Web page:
What is TypeScript?

I had a blog post published through freeCodeCamp that was consolidated from my past open-source contributions.

Table of contents

TypeScript Overview

So as you are most likely aware, JavaScript is expanding its footprint everyday. It is both overwhelming and amazing what you can do with the language nowadays.

However, as more large-scale projects start to use JavaScript, the process of making the code easier to write and more maintainable becomes more and more difficult.

This is a problem Microsoft recognized early on and they came up with a solution: TypeScript The first version was released on October 1st, 2012.

JavaScript vs TypeScript

Where's Waldo

Okay so now that we have a general sense of what TypeScript is, let’s play a quick game of Where’s Waldo.

In the above screenshot, you can spot the differences between JavaScript & TypeScript in this very simple multiplication program that just prints out the product of two numbers I’ve pre-defined.

What are those differences though??

They’re types!

So JavaScript has dynamic typing in that a variable declared as a number can be turned into a string where as TypeScript has static typing meaning you declare beforehand what type of value the variable will hold and it doesn’t change.

In that multiplication.ts file, I’m declaring all these variables to be numbers so they cannot be changed to something else.

In essence, TypeScript is trying to help JavaScript reach new heights and become very scalable. It can be highlighted by the following features:

  • free and open-source programming language developed and maintained by Microsoft
  • strict syntactical super-set of JavaScript that compiles to plain JavaScript
  • eases development of large scale applications written in JavaScript
  • extends JavaScript by adding static types, classes, modules, interfaces and generics

? FUN FACT TypeScript turned 7 years old on October 1st, 2019.


Latest stable version available is TypeScript 3.7 (as of early 2020).

How to Install TypeScript


To get started yourself, the two things you will need are the TypeScript compiler and an editor that supports TypeScript.

In the above screenshot, I’m installing both the compiler and TSLint (which is similar to ESLint) using npm in Visual Studio Code’s integrated terminal.

Installing TypeScript

This command will install the TypeScript package as a dependency in your project using npm which is a popular package manager.

npm i typescript

To Note There are several options that npm provides depending on where you want TypeScript installed.

  • npm i -g typescript to globally install the TypeScript package
  • npm i -D typescript to install the TypeScript package as a dev dependency

Compiling a single file down to JavaScript

tsc multiplication.ts

To Note You can configure this TypeScript compilation process as a custom npm script in your package.json.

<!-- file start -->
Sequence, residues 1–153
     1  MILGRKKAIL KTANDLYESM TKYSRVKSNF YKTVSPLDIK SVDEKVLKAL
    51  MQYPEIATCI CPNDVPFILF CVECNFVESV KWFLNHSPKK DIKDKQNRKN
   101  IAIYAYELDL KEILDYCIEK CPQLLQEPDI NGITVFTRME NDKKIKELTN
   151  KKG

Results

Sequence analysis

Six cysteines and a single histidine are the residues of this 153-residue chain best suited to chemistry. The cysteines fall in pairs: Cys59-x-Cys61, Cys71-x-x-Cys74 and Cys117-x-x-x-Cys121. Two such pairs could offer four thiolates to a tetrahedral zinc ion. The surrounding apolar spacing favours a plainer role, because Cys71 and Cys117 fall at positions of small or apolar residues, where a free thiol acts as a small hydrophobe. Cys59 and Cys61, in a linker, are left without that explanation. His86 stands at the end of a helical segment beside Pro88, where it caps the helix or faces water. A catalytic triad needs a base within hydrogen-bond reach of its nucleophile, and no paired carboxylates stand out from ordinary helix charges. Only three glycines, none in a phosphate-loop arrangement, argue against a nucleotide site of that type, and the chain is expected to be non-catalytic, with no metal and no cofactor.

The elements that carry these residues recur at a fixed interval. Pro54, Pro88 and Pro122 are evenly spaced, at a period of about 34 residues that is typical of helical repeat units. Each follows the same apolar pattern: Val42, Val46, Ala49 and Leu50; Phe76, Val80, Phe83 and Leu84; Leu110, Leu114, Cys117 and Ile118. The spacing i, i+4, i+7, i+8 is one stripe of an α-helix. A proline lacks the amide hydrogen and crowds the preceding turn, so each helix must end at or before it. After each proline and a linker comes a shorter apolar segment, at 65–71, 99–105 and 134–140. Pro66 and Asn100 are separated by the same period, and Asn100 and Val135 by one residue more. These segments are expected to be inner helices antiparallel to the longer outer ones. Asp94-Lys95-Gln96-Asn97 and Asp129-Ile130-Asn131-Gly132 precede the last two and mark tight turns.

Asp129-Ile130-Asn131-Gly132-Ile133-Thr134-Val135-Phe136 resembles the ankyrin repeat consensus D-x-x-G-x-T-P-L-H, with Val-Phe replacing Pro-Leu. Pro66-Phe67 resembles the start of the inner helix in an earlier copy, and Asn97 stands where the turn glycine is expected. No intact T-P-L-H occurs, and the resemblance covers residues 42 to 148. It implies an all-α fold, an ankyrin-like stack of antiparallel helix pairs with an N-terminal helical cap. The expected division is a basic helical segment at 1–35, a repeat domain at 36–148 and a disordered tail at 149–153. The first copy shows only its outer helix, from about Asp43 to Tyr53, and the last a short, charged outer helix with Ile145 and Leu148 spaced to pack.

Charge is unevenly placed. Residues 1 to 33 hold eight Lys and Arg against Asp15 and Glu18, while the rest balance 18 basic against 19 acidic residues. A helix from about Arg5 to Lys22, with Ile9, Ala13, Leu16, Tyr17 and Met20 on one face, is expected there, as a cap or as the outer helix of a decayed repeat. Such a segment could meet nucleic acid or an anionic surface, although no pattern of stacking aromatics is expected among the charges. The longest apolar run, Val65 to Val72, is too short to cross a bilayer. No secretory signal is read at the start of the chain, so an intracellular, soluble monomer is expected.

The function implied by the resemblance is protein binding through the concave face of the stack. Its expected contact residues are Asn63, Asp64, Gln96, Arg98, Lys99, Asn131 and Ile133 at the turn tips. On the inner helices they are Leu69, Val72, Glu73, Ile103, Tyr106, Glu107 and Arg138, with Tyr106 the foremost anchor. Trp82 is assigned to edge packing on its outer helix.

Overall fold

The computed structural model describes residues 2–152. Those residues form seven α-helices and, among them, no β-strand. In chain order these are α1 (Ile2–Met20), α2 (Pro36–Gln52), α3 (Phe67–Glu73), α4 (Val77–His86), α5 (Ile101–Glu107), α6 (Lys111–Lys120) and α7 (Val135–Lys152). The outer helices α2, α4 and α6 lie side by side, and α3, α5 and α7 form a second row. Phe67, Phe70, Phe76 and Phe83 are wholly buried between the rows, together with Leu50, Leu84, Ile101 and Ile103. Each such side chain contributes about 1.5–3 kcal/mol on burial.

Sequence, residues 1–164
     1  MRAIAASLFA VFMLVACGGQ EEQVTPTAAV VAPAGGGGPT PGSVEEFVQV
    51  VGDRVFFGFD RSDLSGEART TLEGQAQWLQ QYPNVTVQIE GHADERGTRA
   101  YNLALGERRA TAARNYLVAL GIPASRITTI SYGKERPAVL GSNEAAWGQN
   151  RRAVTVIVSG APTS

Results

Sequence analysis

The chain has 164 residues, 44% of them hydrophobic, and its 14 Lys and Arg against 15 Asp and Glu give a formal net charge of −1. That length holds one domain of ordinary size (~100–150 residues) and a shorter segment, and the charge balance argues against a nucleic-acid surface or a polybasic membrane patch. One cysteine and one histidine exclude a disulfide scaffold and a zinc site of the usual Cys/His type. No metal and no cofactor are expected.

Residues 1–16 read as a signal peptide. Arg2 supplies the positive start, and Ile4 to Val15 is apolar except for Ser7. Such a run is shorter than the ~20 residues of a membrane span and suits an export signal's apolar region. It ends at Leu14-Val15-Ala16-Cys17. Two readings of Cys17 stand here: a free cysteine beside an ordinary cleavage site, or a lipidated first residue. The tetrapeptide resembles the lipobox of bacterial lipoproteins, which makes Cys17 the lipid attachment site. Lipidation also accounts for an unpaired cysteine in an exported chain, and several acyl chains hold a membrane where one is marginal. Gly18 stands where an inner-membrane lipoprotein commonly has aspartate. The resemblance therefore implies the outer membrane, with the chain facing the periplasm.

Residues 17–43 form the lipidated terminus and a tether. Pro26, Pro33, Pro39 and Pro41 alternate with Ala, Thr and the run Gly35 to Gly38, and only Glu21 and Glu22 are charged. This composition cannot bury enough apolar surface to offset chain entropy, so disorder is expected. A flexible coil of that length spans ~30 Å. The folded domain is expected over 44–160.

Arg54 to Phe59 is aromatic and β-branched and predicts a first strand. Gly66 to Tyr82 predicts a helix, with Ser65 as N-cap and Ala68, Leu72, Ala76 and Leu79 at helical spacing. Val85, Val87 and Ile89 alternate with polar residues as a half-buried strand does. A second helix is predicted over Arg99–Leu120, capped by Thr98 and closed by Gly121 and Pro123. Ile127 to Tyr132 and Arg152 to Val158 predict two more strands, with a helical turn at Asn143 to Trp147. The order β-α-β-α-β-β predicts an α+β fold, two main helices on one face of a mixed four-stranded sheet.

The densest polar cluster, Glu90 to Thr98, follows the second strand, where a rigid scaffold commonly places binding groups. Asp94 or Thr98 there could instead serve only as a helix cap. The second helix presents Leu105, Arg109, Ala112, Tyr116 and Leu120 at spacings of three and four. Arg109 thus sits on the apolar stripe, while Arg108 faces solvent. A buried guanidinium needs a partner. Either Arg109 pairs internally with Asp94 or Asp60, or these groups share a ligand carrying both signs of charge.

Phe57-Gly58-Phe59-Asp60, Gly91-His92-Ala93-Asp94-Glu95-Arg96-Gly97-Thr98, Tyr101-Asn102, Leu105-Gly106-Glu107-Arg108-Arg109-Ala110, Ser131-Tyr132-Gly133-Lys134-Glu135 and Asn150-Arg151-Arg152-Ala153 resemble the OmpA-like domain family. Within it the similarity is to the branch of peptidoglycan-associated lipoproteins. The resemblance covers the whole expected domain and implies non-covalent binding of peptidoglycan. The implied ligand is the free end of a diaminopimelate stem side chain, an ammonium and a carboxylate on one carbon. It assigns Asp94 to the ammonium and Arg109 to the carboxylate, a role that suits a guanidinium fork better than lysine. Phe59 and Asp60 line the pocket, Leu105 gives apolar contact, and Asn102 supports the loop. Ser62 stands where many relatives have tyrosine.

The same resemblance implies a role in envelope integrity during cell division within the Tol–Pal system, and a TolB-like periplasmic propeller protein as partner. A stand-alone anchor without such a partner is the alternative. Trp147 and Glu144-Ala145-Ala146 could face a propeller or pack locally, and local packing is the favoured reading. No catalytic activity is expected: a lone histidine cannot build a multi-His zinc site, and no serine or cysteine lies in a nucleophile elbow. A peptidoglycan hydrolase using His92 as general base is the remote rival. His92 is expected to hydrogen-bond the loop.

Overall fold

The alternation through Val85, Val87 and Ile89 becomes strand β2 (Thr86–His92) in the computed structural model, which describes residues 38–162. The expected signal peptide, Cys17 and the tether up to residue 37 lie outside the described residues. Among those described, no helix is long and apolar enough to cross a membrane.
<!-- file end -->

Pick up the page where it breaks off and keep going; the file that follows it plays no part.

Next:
Configuration Options

touch tsconfig.json

There’s also the option to create a tsconfig.json file that specifies the root files and compiler options.

Within your tsconfig.json file, for example, you could specify that you want TypeScript to compile down to ES5 instead of ES6.

Quick Example


In the screenshot above, you can see two files - multiplication.js and multiplication.ts.

This program just prints out the product of two numbers I’ve pre-defined.


let a: number = 10;
let b: number = 2;

function showProduct(first: number, second: number): void {
console.info("Mathematical! The result is " + first * second + ".");

showProduct(a, b);

// Mathematical! The result is 20.

Once I’ve finished creating multiplication.ts, I can compile it down to JavaScript using the tsc command which stands for TypeScript compile.


var a = 10;
var b = 2;

function showProduct(first, second) {
console.info("Mathematical! The result is " + first * second + ".");

showProduct(a, b);

// Mathematical! The result is 20.

Bam - we just successfully compiled TypeScript to JavaScript!



linter is a tool that detects and flags errors in programming languages, including stylistic errors.

For TypeScript, TSLint is the most popular linter option.

TSLint is an extensible static analysis tool that checks TypeScript code for readability, maintainability, and functionality errors.

It is widely supported across modern editors & build systems and can be customized with your own lint rules, configurations, and formatters.

Installing TSLint

This command will globally install the TSLint package using npm, a popular package manager.

npm i -g tslint



If you want to try out TypeScript without installing it, visit the TypeScript Playground.

The Playground has built-in auto completion and the ability to directly see the emitted JavaScript.

Other Resources

To learn more about installation, see the Installation Appendix.

In case you need just a type checker and don’t want to compile your program, read about Flux.

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